Multicore technology works for IBM server
- 16 October, 2006 09:00
Multicore technology pays off for IBM with its 326m server. Cramming as many dual-core Advanced Micro Devices Opteron processors into the smallest space possible, the eServer 326m provides enormous amounts of CPU muscle.
With its two AMD 285 64-bit CPUs, it has captured the flag for the fastest server we've tested in a 1U form factor. In addition, the server is quite serviceable, and the fastest twin (nonmulticore) system of any height or displacement we've come across.
One quick caveat: This eServer model requires quite a bit of tweaking if used for a graphics application. It took some time to find the right combination of drivers to make the 326m server do reasonable graphics for SUSE Linux Enterprise Server 10, Red Hat Enterprise 4.0 and Windows 2003 Enterprise Server, run individually or as members of a VMware installation.
The 32MB of dynamic RAM (DRAM) is a weakness -- we had to use the proprietary (non-GPL and non-open source) ATI drivers for X.org on Linux or suffer graphics problems. This was the only thing we could find anemic on an otherwise stellar system.
The server fit easily into our 19-inch rack space -- while there wasn't any especially charming or useful rail kits included with the 326m, slamming it into the rack was simple. Getting inside the machine wasn't as easy or fun as an HP-designed server, but the differences amounted to a few seconds.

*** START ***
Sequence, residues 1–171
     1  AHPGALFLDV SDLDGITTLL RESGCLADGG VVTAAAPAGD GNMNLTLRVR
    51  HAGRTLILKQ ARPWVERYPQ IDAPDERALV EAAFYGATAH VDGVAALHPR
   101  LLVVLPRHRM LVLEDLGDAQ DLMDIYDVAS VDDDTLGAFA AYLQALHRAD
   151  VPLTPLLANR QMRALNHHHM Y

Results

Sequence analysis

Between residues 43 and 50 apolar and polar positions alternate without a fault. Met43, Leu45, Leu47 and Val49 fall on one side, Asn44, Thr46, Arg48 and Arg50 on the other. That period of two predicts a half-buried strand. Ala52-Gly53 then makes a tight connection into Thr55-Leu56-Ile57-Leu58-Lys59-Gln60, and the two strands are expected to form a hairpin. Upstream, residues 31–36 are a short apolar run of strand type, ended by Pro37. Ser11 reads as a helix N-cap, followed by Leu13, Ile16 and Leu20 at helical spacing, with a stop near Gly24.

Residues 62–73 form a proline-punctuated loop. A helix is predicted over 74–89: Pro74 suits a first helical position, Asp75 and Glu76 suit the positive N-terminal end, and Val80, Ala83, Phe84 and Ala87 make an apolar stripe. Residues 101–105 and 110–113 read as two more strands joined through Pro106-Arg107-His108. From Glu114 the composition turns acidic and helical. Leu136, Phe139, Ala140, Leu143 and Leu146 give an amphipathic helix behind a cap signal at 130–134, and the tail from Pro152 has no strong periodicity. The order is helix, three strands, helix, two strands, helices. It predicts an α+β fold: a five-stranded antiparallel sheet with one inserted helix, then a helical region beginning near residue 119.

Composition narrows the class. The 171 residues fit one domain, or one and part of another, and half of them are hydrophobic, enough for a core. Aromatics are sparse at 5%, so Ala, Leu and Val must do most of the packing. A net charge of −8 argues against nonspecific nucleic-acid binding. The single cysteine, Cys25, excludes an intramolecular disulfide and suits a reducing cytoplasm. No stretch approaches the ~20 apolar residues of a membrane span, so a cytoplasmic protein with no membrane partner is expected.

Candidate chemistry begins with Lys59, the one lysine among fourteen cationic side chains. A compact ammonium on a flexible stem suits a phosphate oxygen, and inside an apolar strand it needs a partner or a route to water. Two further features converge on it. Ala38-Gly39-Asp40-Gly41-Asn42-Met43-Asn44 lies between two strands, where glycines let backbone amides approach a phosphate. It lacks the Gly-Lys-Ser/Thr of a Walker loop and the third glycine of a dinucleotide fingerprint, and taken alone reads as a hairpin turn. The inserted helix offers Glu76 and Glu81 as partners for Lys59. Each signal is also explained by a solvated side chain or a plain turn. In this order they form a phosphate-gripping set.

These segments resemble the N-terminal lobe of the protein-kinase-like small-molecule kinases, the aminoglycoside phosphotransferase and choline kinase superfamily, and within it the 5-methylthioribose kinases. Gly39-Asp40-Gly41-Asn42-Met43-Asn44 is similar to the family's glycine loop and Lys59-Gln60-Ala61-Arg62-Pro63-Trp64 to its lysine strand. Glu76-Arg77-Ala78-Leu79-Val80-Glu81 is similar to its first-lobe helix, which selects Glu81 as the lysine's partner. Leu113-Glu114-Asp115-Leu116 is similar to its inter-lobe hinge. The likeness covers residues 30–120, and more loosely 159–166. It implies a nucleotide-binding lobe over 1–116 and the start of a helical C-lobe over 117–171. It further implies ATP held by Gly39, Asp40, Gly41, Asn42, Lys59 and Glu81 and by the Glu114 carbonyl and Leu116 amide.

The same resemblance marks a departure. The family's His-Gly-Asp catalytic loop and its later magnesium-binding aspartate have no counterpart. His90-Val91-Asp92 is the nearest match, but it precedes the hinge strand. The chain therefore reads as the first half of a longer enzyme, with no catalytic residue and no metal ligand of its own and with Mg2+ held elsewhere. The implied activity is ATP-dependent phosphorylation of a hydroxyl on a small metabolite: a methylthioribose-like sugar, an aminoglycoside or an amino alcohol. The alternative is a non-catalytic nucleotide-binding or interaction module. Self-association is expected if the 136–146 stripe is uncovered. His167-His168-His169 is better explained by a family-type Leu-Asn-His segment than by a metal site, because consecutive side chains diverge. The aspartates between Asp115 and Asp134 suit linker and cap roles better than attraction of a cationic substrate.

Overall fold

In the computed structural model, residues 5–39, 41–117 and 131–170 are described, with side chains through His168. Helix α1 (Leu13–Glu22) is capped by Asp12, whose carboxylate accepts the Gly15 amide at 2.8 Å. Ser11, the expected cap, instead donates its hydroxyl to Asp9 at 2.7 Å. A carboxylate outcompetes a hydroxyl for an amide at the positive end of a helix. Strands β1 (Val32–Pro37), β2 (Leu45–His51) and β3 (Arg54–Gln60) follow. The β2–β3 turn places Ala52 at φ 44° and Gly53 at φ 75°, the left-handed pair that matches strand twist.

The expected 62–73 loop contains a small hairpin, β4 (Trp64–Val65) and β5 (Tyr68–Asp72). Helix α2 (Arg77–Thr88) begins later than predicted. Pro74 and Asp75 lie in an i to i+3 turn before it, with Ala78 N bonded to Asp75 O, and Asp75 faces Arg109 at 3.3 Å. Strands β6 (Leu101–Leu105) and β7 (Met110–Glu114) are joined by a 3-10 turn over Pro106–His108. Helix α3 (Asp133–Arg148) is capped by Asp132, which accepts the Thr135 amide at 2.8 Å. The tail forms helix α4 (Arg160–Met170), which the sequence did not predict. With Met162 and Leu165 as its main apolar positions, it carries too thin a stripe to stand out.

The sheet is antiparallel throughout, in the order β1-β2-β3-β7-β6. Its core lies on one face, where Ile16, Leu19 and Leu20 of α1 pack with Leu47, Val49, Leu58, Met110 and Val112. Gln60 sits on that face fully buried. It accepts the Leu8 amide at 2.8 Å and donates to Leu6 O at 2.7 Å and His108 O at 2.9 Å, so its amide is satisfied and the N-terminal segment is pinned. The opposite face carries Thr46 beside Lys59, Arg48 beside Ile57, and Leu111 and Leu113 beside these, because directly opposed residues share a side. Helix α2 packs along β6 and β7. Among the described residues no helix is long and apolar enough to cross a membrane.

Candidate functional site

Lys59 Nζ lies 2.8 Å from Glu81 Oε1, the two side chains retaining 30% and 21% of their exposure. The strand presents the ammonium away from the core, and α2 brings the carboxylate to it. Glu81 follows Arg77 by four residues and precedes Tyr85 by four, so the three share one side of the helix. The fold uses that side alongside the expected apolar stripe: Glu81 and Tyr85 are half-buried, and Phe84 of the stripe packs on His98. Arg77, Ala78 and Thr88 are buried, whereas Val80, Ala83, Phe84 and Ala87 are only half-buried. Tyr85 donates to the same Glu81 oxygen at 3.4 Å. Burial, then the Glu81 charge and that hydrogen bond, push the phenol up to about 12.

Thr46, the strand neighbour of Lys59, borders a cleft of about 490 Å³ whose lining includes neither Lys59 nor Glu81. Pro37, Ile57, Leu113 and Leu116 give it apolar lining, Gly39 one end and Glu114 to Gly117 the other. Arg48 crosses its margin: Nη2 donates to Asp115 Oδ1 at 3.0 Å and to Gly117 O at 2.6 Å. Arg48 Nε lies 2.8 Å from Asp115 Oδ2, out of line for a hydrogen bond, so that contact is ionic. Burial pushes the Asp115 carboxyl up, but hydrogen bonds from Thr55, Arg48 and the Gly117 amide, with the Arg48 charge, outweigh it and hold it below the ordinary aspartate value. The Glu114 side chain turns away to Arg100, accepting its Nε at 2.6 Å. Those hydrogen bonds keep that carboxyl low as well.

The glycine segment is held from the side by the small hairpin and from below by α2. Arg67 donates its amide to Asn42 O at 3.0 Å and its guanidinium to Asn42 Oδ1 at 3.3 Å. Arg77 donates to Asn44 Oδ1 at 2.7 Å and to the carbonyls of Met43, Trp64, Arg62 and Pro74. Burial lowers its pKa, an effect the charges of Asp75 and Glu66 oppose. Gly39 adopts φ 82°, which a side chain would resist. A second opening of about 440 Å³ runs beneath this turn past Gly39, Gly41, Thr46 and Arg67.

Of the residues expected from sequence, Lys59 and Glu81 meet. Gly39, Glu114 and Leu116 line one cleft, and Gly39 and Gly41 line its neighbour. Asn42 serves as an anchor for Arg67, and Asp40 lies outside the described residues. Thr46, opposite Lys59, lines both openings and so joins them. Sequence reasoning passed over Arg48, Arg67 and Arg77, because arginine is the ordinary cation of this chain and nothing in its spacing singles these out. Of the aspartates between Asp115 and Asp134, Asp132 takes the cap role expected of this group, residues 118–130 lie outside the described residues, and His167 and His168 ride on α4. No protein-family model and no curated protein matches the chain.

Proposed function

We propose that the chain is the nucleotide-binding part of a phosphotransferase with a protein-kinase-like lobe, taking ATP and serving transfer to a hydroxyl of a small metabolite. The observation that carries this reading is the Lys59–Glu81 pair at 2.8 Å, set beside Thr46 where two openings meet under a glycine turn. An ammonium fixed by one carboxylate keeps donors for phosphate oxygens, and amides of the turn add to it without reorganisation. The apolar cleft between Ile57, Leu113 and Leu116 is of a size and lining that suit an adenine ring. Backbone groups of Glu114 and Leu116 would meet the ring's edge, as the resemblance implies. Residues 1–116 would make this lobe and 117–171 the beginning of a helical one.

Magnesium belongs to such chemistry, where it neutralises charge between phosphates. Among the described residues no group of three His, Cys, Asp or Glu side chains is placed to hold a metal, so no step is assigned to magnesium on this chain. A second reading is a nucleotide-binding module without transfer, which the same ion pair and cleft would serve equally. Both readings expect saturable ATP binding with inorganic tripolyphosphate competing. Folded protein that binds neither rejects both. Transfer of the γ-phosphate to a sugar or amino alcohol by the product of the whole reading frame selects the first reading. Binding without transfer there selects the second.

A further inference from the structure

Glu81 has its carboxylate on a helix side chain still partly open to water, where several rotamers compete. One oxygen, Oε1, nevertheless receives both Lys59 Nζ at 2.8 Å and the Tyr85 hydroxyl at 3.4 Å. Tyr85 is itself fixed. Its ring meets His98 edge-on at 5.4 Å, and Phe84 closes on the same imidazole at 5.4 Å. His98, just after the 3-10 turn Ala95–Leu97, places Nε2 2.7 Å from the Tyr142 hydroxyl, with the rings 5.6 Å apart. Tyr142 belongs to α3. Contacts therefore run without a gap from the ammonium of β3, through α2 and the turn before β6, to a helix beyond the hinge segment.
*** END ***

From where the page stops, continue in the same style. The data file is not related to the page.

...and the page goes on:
The server included two dual-core AMD Opteron 285 processors clocking at 2.6GHz. The system included 2GB of DRAM (eight sticks of 512MB double data rate RAM), as well as an astonishingly small Seagate Barracuda 80GB 7200 RPM Serial Advanced Technology Attachment interface hard drive (larger sizes are available). The two PCIe 8x (PCI Express bus) connectors in our test unit begged for Fibre Channel storage-area network and/or InfiniBand connections for clustering. An alternate configuration is available with one PCIe 8x slot and one PCI-X 64-bit slot.
The unit includes three handy USB hubs, two on the front (USB 2.0) and two independent slots on the back for a keyboard, mouse or other device. Independent USB branches also let a bus with USB 1.1 devices run independently and not slow down the remaining bus connections, and are connected to the South Bridge of the motherboard, whereas the high-speed bus adapters are connected to the North Bridge. The eServer 326m worked well with our USB hardware. (See How we did it at www.nwdocfinder.com/5625.)
Two Broadcom chipset-based Gigabit Ethernet ports are included, and other than the previously mentioned graphics oddities, our test operating systems found all hardware correctly. IBM also supports Intelligent Platform Management Interface (IPMI) management, an API set that lets IBM-based and third-party applications send or receive information on hardware characteristics that are operating system-independent. Everything from CPU loads to internal temperature can be ready by IPMI-aware applications -- including open source management applications.
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